What Planet is This?

21 Aug 2005

Hamlet and Jabberwocky

In May I pointed out that the opening two lines from Lewis Carroll's poem Jabberwocky bear a striking resemblance to two lines from the first scene of Hamlet:

The graves stood tenantless, and the sheeted dead
Did squeak and gibber in the Roman streets:
Hamlet; Act I, Scene i

'Twas brillig, and the slithy toves
Did gyre and gimble in the wabe:
Jabberwocky; Stanza I

The first stanza of Jabberwocky was actually written by Carroll in 1855 for his family periodical Mischmasch, when he was just twenty-three. The labels on the frontispiece of Mischmasch were "Knowledge, Liveliness, Mirth, Good Humour, Taste, Cheerfulness, and Content". The original of Jabberwocky was presented therein as a mirthful parody of Anglo-Saxon poetry:

Twas bryllyg, and ye slythy toves
Did gyre and gymble in ye wabe:
All mimsy were ye borogroves;
And ye mome raths outgrabe.

—In Hudson's Biography of Lewis Carroll, Ch.3

I've been unable to find any existing commentary on the comparison between Hamlet and Jabberwocky, yet it's hard to believe that I could be the first to notice. Erik Stattin mentioned my comparison in a Norwegian comment which I thought may provide further information, but Terje Bless's translation showed that to be a fruitless avenue.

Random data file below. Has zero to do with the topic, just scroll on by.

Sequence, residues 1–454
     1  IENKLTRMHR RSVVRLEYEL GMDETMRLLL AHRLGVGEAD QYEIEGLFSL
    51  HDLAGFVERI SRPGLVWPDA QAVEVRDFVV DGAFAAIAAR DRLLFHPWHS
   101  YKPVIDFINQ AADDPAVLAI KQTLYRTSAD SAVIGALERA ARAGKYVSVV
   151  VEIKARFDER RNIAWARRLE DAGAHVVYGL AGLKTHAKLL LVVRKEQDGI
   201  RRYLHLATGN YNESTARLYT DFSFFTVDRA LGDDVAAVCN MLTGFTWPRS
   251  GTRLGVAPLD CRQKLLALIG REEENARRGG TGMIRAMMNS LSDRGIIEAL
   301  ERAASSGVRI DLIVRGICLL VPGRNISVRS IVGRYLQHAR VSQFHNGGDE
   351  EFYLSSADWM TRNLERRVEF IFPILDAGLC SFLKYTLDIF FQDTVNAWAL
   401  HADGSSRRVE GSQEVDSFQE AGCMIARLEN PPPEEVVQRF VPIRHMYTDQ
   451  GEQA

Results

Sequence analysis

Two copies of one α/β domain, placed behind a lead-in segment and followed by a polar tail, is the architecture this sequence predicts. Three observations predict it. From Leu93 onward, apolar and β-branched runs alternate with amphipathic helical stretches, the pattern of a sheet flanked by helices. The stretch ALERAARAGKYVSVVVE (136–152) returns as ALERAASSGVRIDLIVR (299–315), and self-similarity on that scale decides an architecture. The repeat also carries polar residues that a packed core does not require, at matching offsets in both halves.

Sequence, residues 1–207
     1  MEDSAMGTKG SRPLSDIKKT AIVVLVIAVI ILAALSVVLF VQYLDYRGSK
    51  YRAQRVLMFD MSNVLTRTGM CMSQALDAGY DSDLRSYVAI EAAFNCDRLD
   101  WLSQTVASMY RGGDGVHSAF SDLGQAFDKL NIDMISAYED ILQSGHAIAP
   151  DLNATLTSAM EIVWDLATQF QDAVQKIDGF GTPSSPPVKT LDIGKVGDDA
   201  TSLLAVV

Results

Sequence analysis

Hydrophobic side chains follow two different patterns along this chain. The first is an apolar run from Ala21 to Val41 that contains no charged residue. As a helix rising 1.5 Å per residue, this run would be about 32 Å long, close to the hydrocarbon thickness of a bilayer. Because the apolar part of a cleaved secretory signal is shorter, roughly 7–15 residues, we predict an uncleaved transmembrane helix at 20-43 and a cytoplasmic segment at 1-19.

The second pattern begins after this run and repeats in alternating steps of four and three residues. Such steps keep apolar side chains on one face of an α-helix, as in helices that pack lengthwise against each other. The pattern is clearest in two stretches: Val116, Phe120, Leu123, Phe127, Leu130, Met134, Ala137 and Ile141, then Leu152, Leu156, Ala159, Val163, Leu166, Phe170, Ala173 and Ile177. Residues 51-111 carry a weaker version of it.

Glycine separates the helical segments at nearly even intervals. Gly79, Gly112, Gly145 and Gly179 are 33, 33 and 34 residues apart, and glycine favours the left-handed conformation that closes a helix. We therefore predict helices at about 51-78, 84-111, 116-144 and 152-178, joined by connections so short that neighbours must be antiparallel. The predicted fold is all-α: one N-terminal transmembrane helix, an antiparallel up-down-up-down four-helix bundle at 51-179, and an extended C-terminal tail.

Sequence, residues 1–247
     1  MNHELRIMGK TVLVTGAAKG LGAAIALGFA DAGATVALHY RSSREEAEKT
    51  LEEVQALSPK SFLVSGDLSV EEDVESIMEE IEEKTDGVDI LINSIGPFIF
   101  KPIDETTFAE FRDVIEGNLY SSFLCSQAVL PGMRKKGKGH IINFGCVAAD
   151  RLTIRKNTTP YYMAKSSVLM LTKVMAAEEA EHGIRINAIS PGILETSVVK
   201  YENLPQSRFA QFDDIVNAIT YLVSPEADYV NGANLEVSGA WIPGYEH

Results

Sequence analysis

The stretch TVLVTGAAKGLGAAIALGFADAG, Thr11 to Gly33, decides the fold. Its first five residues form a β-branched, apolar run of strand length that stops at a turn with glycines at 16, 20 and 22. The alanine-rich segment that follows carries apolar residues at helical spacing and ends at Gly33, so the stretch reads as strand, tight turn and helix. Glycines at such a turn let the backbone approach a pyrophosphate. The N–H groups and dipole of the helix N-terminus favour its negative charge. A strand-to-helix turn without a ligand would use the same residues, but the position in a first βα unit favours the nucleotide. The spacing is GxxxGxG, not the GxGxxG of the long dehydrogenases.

One possible chink of light is the fact that Canto IV of Carroll's Phantasmagoria poem, first published in 1869, refers explicitly to those two lines from Hamlet:

"And when you've learned to squeak, my man,
  And caught the double sob,
You're pretty much where you began:
Just try and gibber if you can!
  That's something like a job! [...]

"Shakspeare I think it is who treats
  Of Ghosts, in days of old,
Who 'gibbered in the Roman streets,'
Dressed, if you recollect, in sheets —
  They must have found it cold.

Obviously we would expect him to be acquainted with the passage, but this shows also that he had his mind towards including it in his own poetry. It makes the comparison marginally more compelling.

Cite: Palmer, S.B. (2005). "Hamlet and Jabberwocky", in: What Planet is This?
Archival URI: http://inamidst.com/notes/hamwocky


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